Another St. Patrick’s Day is upon us, with chill winter in the air, and hearty Irish fare cooking in the kitchen. A perfect day for that, though I wish our days would be ripening toward spring flowers instead of brewing up a big winter storm for tomorrow.
I’ve been looking at photo albums from April 0f 2006 when we first took our daughter to Ireland. She was four, and looked upon everything with the wide eyes and questions I associate with that year. We saw places that we’d loved and visited through her naive and tender gaze. And we loved them anew. She loved them along with us.
On this trip we returned to Roundstone, a small village on the western edge of Co. Galway, in a wild region called Connemara. In pockets of Connemara you can still hear the Irish language spoken, and there are roads that cross the bog where you won’t meet another car or person. Just sheep, sprayed with a color to mark their flock, and crows and the occasional seagull.
Back to Roundstone. I took R. there for our 5th anniversary (1995) and we stayed in a little B&B called St. Joseph’s on the main street. As we wandered from pub to pub that night we were followed by an elderly trio of two men and a woman. At the first pub they asked to join us at our table since there were no other vacant seats.
They mistook us for local kids, wondering if we were the children of anyone they knew. They were native to Roundstone, but had emigrated to England years before (as have so many from Ireland over the centuries). They’d returned for a wedding in the town. We all chatted amicably while sipping our pints, and since we had arrived first we also left before they did, wishing them a good night.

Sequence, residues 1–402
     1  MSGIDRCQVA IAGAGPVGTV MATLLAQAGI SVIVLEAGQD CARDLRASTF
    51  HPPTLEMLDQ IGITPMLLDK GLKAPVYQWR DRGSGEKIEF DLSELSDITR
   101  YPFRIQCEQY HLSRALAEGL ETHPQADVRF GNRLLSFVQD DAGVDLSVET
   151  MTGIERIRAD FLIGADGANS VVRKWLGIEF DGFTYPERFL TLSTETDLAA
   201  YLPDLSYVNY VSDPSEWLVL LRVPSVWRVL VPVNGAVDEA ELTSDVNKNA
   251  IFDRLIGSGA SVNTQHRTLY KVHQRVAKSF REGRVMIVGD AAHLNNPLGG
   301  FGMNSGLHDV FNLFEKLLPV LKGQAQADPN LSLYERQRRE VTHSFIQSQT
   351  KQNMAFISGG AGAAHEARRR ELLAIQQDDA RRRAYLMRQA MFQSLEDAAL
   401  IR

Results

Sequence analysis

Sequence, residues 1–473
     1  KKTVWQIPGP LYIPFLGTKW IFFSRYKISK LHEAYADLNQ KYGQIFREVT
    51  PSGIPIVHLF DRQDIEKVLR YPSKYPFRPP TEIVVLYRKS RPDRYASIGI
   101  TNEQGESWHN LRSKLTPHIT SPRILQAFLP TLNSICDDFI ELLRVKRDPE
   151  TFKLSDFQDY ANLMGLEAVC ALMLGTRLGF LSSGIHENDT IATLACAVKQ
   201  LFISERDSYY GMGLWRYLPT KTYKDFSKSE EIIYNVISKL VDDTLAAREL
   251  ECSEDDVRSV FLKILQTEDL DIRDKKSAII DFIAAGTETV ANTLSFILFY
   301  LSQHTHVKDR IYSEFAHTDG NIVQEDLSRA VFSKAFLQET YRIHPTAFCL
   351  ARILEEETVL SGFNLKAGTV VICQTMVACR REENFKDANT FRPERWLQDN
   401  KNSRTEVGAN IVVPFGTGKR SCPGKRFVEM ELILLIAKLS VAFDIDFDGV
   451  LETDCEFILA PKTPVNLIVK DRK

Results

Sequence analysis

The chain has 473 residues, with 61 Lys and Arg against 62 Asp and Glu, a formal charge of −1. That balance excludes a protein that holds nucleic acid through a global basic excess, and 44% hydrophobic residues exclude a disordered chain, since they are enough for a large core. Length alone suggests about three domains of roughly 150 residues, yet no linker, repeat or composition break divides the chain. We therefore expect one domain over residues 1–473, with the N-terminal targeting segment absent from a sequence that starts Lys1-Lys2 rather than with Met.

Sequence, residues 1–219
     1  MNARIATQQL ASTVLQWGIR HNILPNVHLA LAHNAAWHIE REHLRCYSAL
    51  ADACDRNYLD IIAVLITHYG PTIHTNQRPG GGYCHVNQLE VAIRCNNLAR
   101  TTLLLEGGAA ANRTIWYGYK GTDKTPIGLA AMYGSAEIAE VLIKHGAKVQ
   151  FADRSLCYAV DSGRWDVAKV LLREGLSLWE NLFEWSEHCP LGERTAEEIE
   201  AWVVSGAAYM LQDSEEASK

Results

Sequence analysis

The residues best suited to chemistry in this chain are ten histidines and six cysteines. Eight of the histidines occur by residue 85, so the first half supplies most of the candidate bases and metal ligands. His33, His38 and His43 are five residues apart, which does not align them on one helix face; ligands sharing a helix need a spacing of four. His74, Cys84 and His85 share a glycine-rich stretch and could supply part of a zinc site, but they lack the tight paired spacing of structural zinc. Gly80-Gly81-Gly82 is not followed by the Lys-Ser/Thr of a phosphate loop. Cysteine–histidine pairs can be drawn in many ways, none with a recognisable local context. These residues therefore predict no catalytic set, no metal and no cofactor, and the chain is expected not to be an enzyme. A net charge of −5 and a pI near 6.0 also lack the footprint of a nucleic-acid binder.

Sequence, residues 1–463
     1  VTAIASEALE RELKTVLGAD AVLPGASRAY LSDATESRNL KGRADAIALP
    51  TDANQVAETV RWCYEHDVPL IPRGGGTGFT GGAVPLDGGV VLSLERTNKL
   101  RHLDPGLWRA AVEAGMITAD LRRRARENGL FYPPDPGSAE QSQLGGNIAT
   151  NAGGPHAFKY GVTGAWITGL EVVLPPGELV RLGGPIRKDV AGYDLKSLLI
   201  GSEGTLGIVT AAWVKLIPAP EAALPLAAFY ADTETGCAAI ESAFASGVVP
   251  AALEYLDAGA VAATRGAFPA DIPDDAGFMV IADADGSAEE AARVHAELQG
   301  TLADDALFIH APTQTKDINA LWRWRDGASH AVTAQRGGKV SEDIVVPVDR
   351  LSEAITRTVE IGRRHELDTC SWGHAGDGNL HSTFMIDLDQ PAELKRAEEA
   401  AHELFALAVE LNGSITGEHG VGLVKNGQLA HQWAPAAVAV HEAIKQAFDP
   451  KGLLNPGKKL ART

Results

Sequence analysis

We moved on in the hopes of finding some live music. Further down the street we found some music in a smaller, more rustic pub. A few men were singing so we settled in to listen for a little. Who should walk through the door, but our three friends. They joined us again and we laughed at the coincidence.
Our last destination of the night was Ryan’s, on the harbor side of the street. Here two men were playing guitars and singing. Not the fiddle and accordion tunes I’d hoped to hear all night, but the quality was good, so we decided to stay. The place filled up and we barely found two spots at the bar. The crowd around us joined in on the singing and near eleven p.m. a rousing rendition of Danny Boy left us breathless as we raised our glasses and sang at the top of our lungs with the crowd. And who was beside us, but our three new friends. It was—we decided—a perfect travel moment.
Back at our B&B we settled in and were awakened an hour later by some noise in the downstairs hallway. “I’m sorry Christina,” we heard a man saying, and the soothing response of the innkeeper as she took in the newcomers and gave them a room.
Imagine our surprise at breakfast to see that the latecomers were our friends from our pub crawl! It was as natural as anything to sit and eat our generous fry up together.
This was the story we told our daughter L. as we walked the pier in Roundstone and pointed out Ryan’s Bar and our former window at St. Joseph’s B&B. Our daughter’s name is an Irish surname. We picked up some Roundstone brochures and discovered that Christina—whose name we’d mentioned in this story dozens of times over the years—has our daughter’s name as her surname. Really? Did we somehow intuit it when naming our child? Down the road in Clifden, we discovered a Bar, a woolen shop and a butcher with the same name on the main street. We had no recollection of this! Of course, our daughter settled in and felt right at home.